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Contractor insists air gap between batts and basement brick mean no prob for humidity, with or without polyethylene vapor barrier.

Melville2 | Posted in General Questions on

If humidity is accumulating in an air-sealed air gap (humidity coming thru brick), an air gap won’t save you.  Surely an air gap is only good if you have air leaks.  Imperfections in sealing will happen inevitably unless installers take extreme care, including at electrical and plumbing penetrations, but I could additionally add a pinhole or 1 mm hole to the interior every 6 feet or so.  There are no known water leak issues and there is large overhangs with proper detailing so little rain gets to the brick, although some snow can accumulate at the base.  Should I apply a water seal over the exterior of the brick+mortar around the bottom say 18″?  Would an air gap then make batt insulation + poly okay?  

(double-brick / air-gap / batt / poly / drywall, + insulation in rim joist gaps + insulation under the-floor-above at top of air gap, so cold air doesn’t flow over the basement ceiling drywall)

Better with poly?  Without poly, condensation would happen on the brick, and may run down and pool at the base, but with sufficient air gap and leaks, condensation would evaporate before pooling became considerable. No weeping tiles or anything similar, so should use exterior-grade wood for bottom plate of wall framing, or add waterproofing to interior-grade bottom plates. With poly, humidity doesn’t pass to cold side of insulation, so there’s no condensation from outward flow.  From inward perspective, moisture that comes in thru brick would not travel thru poly but would escape thru leaks as humidity levels seek to be equal.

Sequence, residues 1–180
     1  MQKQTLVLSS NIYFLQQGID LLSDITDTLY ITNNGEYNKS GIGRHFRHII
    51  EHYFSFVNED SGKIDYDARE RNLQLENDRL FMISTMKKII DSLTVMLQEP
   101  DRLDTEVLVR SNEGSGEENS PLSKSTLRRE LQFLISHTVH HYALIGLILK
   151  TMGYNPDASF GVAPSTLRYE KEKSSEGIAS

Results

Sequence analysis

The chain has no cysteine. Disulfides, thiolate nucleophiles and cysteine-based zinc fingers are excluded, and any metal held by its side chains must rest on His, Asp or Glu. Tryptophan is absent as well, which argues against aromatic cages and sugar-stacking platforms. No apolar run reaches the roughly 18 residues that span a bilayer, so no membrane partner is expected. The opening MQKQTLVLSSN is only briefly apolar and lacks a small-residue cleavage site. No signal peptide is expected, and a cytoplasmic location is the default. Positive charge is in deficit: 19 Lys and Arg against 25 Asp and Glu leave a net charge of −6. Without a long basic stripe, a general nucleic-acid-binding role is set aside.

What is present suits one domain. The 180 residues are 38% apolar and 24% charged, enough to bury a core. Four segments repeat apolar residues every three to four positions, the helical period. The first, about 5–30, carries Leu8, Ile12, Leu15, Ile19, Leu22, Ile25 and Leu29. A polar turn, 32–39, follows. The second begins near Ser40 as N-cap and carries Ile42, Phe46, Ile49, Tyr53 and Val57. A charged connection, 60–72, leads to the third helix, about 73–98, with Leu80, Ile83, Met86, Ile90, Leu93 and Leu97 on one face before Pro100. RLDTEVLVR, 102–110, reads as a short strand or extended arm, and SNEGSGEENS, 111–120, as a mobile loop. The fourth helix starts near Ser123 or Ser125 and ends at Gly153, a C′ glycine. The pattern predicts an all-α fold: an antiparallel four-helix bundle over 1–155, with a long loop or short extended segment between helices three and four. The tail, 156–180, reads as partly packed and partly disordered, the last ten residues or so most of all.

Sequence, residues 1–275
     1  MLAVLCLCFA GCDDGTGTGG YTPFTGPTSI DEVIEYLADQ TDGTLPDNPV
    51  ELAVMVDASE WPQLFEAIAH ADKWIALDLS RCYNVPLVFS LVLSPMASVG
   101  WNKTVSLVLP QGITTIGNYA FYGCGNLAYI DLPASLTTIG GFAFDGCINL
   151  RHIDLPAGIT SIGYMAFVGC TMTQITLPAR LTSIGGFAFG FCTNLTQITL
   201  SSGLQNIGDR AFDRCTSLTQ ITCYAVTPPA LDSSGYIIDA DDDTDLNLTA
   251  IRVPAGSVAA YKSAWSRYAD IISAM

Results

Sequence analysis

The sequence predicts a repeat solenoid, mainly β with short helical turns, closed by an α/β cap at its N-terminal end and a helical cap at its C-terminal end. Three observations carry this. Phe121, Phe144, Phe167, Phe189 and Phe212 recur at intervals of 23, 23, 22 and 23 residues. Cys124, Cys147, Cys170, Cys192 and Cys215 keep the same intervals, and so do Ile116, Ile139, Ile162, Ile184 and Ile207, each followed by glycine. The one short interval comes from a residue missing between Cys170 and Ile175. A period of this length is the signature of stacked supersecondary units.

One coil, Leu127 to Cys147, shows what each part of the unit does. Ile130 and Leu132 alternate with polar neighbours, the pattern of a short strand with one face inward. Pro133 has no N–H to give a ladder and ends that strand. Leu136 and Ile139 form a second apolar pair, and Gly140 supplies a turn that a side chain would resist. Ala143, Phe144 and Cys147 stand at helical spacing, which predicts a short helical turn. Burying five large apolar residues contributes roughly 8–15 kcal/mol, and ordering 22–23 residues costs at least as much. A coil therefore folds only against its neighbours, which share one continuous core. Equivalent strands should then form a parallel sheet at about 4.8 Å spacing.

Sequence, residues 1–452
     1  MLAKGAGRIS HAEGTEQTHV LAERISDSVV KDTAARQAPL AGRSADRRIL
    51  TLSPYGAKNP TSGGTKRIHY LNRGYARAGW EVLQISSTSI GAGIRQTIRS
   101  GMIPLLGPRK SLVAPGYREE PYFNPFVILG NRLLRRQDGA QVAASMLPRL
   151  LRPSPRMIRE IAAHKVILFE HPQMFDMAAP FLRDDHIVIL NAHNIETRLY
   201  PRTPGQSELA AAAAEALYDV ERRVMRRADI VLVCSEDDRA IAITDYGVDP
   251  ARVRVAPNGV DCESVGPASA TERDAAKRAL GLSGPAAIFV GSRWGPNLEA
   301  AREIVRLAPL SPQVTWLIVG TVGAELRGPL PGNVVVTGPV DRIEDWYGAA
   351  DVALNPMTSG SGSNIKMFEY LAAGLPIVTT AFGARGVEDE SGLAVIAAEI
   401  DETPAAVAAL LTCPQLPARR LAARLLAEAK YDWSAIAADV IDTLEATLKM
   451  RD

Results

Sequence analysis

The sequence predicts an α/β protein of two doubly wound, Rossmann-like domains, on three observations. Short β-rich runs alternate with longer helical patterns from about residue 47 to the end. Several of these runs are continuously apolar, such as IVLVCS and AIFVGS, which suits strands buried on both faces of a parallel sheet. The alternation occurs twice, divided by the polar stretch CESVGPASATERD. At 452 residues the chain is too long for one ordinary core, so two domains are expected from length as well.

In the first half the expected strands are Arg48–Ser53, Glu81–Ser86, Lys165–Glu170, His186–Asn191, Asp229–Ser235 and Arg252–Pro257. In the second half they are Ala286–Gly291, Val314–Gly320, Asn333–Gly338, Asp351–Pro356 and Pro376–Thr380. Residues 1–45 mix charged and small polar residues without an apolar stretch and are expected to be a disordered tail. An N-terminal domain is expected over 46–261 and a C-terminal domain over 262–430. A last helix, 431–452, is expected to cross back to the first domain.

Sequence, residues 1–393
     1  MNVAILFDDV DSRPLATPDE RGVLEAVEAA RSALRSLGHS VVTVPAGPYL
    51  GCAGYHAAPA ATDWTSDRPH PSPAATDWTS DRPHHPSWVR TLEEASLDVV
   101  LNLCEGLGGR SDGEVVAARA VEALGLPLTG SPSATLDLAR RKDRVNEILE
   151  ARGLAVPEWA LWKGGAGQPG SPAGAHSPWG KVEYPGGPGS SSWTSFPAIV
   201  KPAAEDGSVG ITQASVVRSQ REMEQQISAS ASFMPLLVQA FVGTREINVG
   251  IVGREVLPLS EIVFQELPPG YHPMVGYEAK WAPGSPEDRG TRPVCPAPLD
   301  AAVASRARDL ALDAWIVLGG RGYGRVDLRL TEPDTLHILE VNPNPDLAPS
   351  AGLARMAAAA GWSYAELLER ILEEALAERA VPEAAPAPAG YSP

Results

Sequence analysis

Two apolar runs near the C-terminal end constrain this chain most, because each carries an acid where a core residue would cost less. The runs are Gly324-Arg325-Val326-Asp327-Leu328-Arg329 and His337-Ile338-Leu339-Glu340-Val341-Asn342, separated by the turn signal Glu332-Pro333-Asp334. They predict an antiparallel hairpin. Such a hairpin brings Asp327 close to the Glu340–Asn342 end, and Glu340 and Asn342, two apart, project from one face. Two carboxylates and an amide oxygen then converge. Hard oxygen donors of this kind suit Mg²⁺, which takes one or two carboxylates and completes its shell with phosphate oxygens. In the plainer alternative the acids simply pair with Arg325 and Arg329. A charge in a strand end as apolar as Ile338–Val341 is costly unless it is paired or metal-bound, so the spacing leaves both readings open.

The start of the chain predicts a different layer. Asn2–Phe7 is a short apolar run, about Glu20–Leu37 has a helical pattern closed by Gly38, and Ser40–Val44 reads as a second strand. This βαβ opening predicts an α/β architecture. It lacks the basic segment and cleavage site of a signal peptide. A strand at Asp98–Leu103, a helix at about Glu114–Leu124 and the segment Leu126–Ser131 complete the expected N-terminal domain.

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  1. Expert Member


    For decades most Canadian basements were insulated with batts and interior poly. Some with gaps between the stud wall and the concrete, some not. Many of them experienced moisture and mold problems. The answer unfortunately wasn't to just eliminate the poly, or move the various layers around, it was to use an impermeable insulation against the foundation walls. That's the only sure way of insulating them. You may get away with what your contractor is suggesting, but it's a risky assembly.

    1. Melville2 | | #6

      It's risky, but so is the alternative. Some people say if I spray foam a brick basement wall the brick that can't release moisture inward due to the spray foam will disintegrate from freeze-and-thaw cycles. "tens of thousands of dollars damage" "within 3 years", I was told online. On the other hand, my 110 year old brick certainly seems like tough brick - feels much 'stronger' than the brick used on a 1980 house with a spalling chimney - but perhaps the characteristics that make it seem tough actually make it vulnerable: bigger, no holes - might mean the interior didn't bake as much as bricks that are smaller and/or have the standard 3 holes. A mason said my bricks have a patina on them which he thinks was there from the start, so he thinks they're high quality - but he has a 1.3 star rating on

  2. Expert Member
    Akos | | #2

    I have pretty much exactly this setup at a place in Toronto. As Malcolm said, it mostly works. What happens is in the spring when the foundation is still cold and the weather and humidity starts raising, I get condensation and a bit of mold on the foundation (you can smell it right away). Running a dehumidifier keeps it mostly in check and the smell goes away by about June.

    Unfortunately when it comes to old brick/stone foundations, exterior insulation or an inch or so of closed cell spray foam is the only thing that is guaranteed to work.

    1. maine_tyler | | #3

      What's the reason interior rigid foam doesn't work (but does for concrete)?

      1. Expert Member
        Akos | | #4

        Brick/Stone surface is too rough, there would be too much air volume behind the rigid. There is no way to get it air tight.

        Unlike a new concrete foundation, older foundations like this generally don't have any damp proofing so the surface contains much more moisture than anything new built.

        Combine the two issues and there is a good chance of problems down the road.

        1. Expert Member
          DCcontrarian | | #5

          Also brick wicks moisture from the soil more than concrete.

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